Big changes could be coming to Selma city schools
Published 7:41 am Thursday, April 13, 2023
By Travis Gupton
The Selma Times-Journal
In a loaded meeting for Selma City Schools on Tuesday featured many important topics involving not only the school district but the city of Selma as a whole.
The first thing the board and Superintendent Dr. Zickeyous Byrd honored the School District’s Assistant Principals as part of National Assistant Principals Week.
Cheryl Randolph was also honored at the meeting. During the superintendent, Report Byrd dropped one of what would be two surprises to those in attendance. Byrd recommended to the board the possibility of restructuring the entire school district to better assist those parents and students in Selma. Byrd said he would like to use Meadowview Elementary and Edgewood Elementary as possible places to put additional pre-K programs.
Currently, the only pre-K program for Selma City Schools is at Sophia P. Kingston.
Byrd continued by recommending that the elementary schools would be K-6th grade changing the current grades to K-5th. R.B Hudson would then become a 7th-8th grade school and then Byrd said he would like to rethink the School of Discovery and make it a Magnet School for 6th-8th grade. Selma High would still be 9th-12th grade.
Saints Virtual Academy would still be utilized for students K-12th but it would be taught through the contract the school has with K12. Byrd said that he would also like to use actual teachers for Pheniox Alternative School instead of the computer program that is in use now. The final thought was that the school district brings back Star Academy for grades 8th-12th. Byrd said that he will be holding town hall meetings and getting feedback to get thoughts on this plan before bringing a recommendation to the board in May.
“We are rethinking Selma City Schools and we are going based on data,” Byrd said. “We know a lot of things occur in grade six. Looking at our data, we see that our students are losing a lot of academic ground at grade six. At grade five, our students are maintaining that academic ground. So, we think that another year of being able to work with our students at the elementary schools will yield better results.”
As Byrd continued in his Superintendents report he dropped surprise number two on the board and the audience. Byrd said that after talking with officials he has requested the city to transfer ownership of Bloch Park and Memorial Stadium to Selma City Schools. Byrd said that the children not only from Selma City Schools but from Dallas County as well have been suffering due to the lack of facilities to play at.
“We can not continue to hurt children,” Byrd said. “We have to make sure if we are going to keep our children engaged in our schools and keep them from being involved in all of the violence going on, they have to be engaged. We have to keep them engaged from the morning all the way to the night. The best way to do that is to involve them in athletics and extracurricular activities.”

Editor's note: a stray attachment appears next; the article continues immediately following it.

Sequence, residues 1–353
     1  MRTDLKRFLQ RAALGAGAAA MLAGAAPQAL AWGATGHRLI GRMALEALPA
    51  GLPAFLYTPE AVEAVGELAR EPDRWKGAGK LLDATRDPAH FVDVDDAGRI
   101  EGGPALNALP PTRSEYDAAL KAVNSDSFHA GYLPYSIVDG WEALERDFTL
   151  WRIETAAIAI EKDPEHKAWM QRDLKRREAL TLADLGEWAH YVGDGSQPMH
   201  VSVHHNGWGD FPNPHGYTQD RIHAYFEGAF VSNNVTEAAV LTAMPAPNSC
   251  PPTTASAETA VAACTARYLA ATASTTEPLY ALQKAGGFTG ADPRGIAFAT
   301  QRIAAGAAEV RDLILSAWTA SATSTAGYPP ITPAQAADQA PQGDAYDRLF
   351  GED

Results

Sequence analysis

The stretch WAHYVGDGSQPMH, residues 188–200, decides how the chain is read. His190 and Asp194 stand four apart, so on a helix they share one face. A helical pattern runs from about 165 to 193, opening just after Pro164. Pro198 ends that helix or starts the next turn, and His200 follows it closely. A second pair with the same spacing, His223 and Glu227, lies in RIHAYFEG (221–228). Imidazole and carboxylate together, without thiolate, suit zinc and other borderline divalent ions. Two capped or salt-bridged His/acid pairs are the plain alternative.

Byrd said it’s time for the adults to sit down and come up with a solution that best benefits the kids of Selma.
“The adults can figure out a way to address the adult issues but we have children here that this is actually impacting. It is time for us to sit down and come together to see if anything is going to be done to the stadium because again I have children here. We all have children here that are looking forward to playing games in front of their families… We have an obligation to do what is right for these children. So, I am merely asking the city please let’s come to the table or if you are not willing to work with us then we will have to go on our own. It would be such a travesty knowing that we would have to build our own and then that stadium would just sit over there and deteriorate.”
Byrd said should the Selma City Schools get ownership of Bloch Park and Memorial Stadium the Dallas County Schools would still have access to play and nothing would change.
“I wouldn’t want us to change a thing,” Byrd said. “I would propose for the same access that everybody has right now. We are doing this for Selma and Dallas County. I’m concerned about the students and so I propose having the same accessibility we have in place right now for it to be for Selma City, Dallas County, for the private schools or whoever wants to use it.”
Byrd finished his report by saying he is wanting to make a big push to advertise Selma City Schools. He said that the district had reached an agreement with Troy University to receive teaching interns and to pay them a teacher’s salary. Byrd also said that he had talked to local car dealerships to help advertise for teachers to come to Selma City Schools as well. He mentioned that he wanted to make a push on T.V., Radio, Billboards, and any way possible to promote Selma City Schools. He asked the board to approve later on in the meeting a Recruitment, Retention and Academic Bonus for the 2023-24 year of $7,500 that the board approved 3-1 Board member Danielle Wooten abstained from the vote.